Modern pig housing is carefully designed to keep animal health and welfare in mind. With so many customized options, how do farmers choose the best fit for their operation?
It’s time to cut through the noise of “plant-based” eating and make it work for YOU to achieve YOUR optimal health. And I hope you’re sitting down for this one: your secret weapon in adopting a “plant-based” diet that puts the focus on actual plants (most importantly, produce in all forms) is animal protein.
As Thanksgiving is just around the corner, I have been reflecting on what I am thankful for. I am thankful for agriculture.
Antibiotics have become a hot-button topic in both the agriculture industry and medical field. Antibiotic-resistant strains of bacteria continue to cause problems for both humans and animals, and many people are understandably concerned about antibiotic usage in farm animals.
Cows and other ruminants have one stomach with four compartments: the rumen, reticulum, omasum, and abomasum.
Biosecurity is an absolutely essential part of every swine farm. What the outside world sees is a fence and/or enclosed barns, but what they don’t realize is that these facilities function to keep the pigs as healthy as possible.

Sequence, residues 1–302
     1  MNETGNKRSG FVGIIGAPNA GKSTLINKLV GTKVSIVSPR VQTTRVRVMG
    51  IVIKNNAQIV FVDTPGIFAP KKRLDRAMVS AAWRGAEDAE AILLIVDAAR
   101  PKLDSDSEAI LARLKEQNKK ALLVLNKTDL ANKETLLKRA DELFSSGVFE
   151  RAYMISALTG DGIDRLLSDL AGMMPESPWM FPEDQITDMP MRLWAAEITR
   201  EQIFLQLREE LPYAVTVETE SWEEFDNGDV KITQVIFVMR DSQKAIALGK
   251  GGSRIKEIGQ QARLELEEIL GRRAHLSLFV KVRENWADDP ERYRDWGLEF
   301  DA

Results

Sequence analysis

“Why do your cows look so skinny?” Cows are athletes, and like athletes, they come in different shapes and sizes that fit with what they do.
Don’t let animal rights activists keep you from making some of the best childhood memories you will ever have in youth programs like 4-H and FFA.
It’s no secret that animal-based protein offers the quantity and quality of proteins needed for a healthy lifestyle but having someone in the public eye shed light on that is always exciting for the animal agriculture community. That’s exactly what Elle Purrier is aiming to do.
With so many different directions students can take, one thing is key for the success of students and the field as a whole: effective communication with people not actively involved in or familiar with agriculture.